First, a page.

Boy Scouts’ Ranks Drop After Year of Policy Change
The Boy Scouts of America said Wednesday that it lost 6 percent of its membership after an often-bruising year in which it announced it would accept openly gay boys for the first time, over the objections of some participants who eventually left the organization.
The organization’s national leadership voted in May to accept openly gay boys for the first time, while continuing to exclude gay leaders. That policy change, while lauded by gay-rights groups, angered conservatives and some members who consider homosexuality a sin and a violation of Scouting values.
BSA spokesman Deron Smith said Wednesday that the 2013 decline could partially be attributed to that change, but also other issues that have caused slight declines in membership over the last decade.
"There are many factors that go into a family’s decision to join Scouting and it’s impossible to point to any single factor that influences our membership numbers," Smith said in an email. "This includes, but is not limited to, the limited amount of discretional time and parents wanting relevant programs for their kids."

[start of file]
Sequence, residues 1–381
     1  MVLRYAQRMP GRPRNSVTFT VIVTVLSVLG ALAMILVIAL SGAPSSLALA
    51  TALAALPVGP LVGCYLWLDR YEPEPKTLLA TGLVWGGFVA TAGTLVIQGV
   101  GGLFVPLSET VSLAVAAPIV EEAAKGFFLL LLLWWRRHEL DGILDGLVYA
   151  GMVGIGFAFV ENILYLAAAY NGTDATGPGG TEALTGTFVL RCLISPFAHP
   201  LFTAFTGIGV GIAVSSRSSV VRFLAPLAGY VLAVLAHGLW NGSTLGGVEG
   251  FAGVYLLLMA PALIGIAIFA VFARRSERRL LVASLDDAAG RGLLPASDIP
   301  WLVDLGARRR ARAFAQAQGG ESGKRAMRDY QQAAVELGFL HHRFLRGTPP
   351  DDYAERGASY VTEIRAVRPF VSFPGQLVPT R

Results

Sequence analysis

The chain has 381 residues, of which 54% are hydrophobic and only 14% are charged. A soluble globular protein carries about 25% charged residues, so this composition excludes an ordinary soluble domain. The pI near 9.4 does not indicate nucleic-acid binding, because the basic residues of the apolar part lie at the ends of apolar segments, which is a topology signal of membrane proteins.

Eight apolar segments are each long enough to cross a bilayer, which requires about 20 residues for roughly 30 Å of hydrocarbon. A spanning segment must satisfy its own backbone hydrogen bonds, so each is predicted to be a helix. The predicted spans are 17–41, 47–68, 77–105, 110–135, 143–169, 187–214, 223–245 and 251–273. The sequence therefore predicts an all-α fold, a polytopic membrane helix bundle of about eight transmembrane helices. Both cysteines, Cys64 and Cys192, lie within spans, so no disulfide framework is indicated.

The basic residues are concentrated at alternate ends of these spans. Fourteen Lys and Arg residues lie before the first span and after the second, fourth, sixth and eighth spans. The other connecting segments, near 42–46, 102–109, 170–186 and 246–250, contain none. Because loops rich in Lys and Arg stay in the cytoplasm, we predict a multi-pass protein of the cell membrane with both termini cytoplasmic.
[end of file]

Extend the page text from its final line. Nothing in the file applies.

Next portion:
With nearly 2.5 million youth and almost 1 million adults, Scouting remains a significant force in communities across the United States, even though its membership has slowly, but steadily declined over the last decade.
The new policy says youths cannot be removed from the ranks of the Cub Scouts, Boy Scouts or Venturers program solely due to sexual orientation. About 60 percent of the 1,400 voting members of BSA’s National Council approved the change at a meeting in the Dallas-Fort Worth suburbs, near BSA’s national headquarters in Irving, Texas.